If you’re going to hang out and listen to Van Halen albums with Wolfgang Van Halen, don’t stress over which album to bring along – he’s a fan of all of ’em.
“I think there´s something great to be found on every Van Halen album,” Wolfgang told the Sweden online magazine Rocksverige. He was asked to give his thoughts on Van Halen’s 1986 album ‘5150’, which had just reached its 35th anniversary. “It’s phenomenal! I’m not picky. I mean, ‘Dreams’ is on this album and it´s one of the best songs my father ever wrote, I think. That melody is untouchable.”
Rocksverige‘s Niclas Müller-Hansen followed by commenting on how happy Eddie Van Halen appeared at the time Sammy Hagar replaced David Lee Roth as the band’s lead singer in 1985.
“You weren’t born back then, but from watching live videos and interviews, it seemed to be a really happy time for your dad. He was constantly smiling,” stated Müller-Hansen.
“I think they were all really stoked,” responded Wolfgang. “Especially after losing Dave and finally finding somebody they could continue on with, I think that’s where the happiness was coming from. Feeling refreshed.”
Müller-Hansen had more Van Halen questions for Wolfgang. Below are the VH Q&A segments:
Your dad always said he wasn’t completely happy with “Eruption” and he always said there was a mistake in there. Did he ever tell you what mistake that was?
“Not in ‘Eruption’, but I know at the beginning of ‘Ain’t Talkin’ ‘Bout Love’ there’s a little mistake, but other than that… it’s so part of the song that it doesn’t even seem like a mistake at that point.”
What is it? Hitting the wrong note or…?
“Yeah, I think… let me see… (picks up a guitar). It’s like he hit the B string twice by accident instead of hitting the E or something. If you listen to the beginning of it you can hear it.”
Do you think the completely different personalities of your dad and Dave back in the day was a part of creating the magic of those songs and albums?
“I’m sure to a certain extent. Kind of like an opposite attract type situation, but they have the same end goal in mind of making awesome music. I’m sure.”
You’re coming out with your own album and you also have the name Mammoth… can the name Van Halen sometimes be a burden? You’re you and people have these enormous expectations of what that name means?
“Oh, for sure! I think it’s a crazy shadow to be under, because you’re just gonna live behind all the people’s expectations instead of being able to stand on your own. I think that’s why I’m trying so hard to stand on my own as a musician. There are benefits and burdens to the whole thing. Sure, the name does help open some doors, but I don’t think it helps to keep them open. I think it’s one thing if you get opportunities because of your name, but it’s another thing to actually stay around and last. There’s no staying power. You have to be able to back it up.”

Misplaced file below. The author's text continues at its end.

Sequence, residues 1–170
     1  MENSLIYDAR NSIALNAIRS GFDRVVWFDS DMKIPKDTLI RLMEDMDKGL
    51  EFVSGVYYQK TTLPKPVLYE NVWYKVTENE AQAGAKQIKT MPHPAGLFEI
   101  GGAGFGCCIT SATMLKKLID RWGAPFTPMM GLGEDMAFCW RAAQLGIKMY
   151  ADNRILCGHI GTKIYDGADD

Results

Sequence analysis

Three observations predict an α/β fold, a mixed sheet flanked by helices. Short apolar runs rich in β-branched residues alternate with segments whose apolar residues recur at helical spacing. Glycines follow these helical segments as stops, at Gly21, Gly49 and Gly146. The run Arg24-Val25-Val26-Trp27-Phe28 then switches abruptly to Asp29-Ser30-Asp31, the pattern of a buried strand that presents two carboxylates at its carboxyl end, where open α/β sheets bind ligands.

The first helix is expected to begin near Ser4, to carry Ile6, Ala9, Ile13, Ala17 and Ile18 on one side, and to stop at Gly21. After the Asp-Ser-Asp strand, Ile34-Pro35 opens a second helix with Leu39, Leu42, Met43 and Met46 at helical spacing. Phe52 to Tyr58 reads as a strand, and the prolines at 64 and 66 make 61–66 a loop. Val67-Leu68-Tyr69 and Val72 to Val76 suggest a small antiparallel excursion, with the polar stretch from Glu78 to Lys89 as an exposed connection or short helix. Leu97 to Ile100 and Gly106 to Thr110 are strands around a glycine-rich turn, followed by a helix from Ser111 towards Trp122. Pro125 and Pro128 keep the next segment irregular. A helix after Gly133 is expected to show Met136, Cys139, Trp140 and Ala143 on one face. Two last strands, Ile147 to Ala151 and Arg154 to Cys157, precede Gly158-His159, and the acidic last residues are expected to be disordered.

Going back to that time when you played your first show with Van Halen. You had been rehearsing like two shows every day. Your dad and your uncle must’ve thought so highly of you and that you would actually pull it off even though you were just 16?
“They put a lot of trust in me and I think that shows you the legitimacy of it all. If they were comfortable having me involved they must’ve been very confident and I thank them for that, for giving me that opportunity. That they had the faith in me to pull it off.”
You must’ve been nervous as hell at that first gig.
“Definitely, but at a certain point there’s just so many people that you just kind of shut the world off and focus on playing.”
Is that really it?
“Yeah, at that point in my life, absolutely.”
Did it take several shows before you felt that you really locked in on it?
“I think that’s always what it is with every tour. You’re excited to just get a few in. You always want to see a tour like in the last third or last fourth. It’s second nature.”
Was there any song that was more difficult to play than others?
“Not really. It was more what was more fun to play. Dad and I had a lot of fun playing ‘China Town’ from ‘A Different Kind Of Truth’ (2012), a really fast and aggressive song.”
I think Bill Burr asked you about when you were rehearsing for the first time and if it was hard and you said it was nothing. Was it really like that?
“Yeah, it’s not like it’s too difficult and that’s not a slam on the music. It’s all about the groove. It’s not a complicated… it’s not like it’s Dream Theater or anything. It’s all about the groove and how you play it.”
Between those two massive Van Halen tours I always wondered what your dad was up to? Was he playing every day or down working in the studio?
“I think at that point in all their lives it was nice to reap the benefits of what they had been working on their whole life and be able to relax. I think that’s just something my dad wanted, but then in the last four or five or six years of his life, there was always some health issues. Whenever he was out of the hole and everything was ok, he just wanted to live life.”
He never talked about doing a solo album or something? Something that was completely different from the usual stuff he did?
“Not really. He was just happy being with Al.”
Do you hook up with Al on a regular basis?
“We talk every day. Even just if there’s nothing to say, just to say hi. Family is important.”
What would you say was the greatest musical lesson you learned from your dad?
“My favorite one and it’s a bit tongue in cheek and it was something his dad taught him: ‘If you ever make a mistake, do it twice so that everyone thinks you meant to do it.’”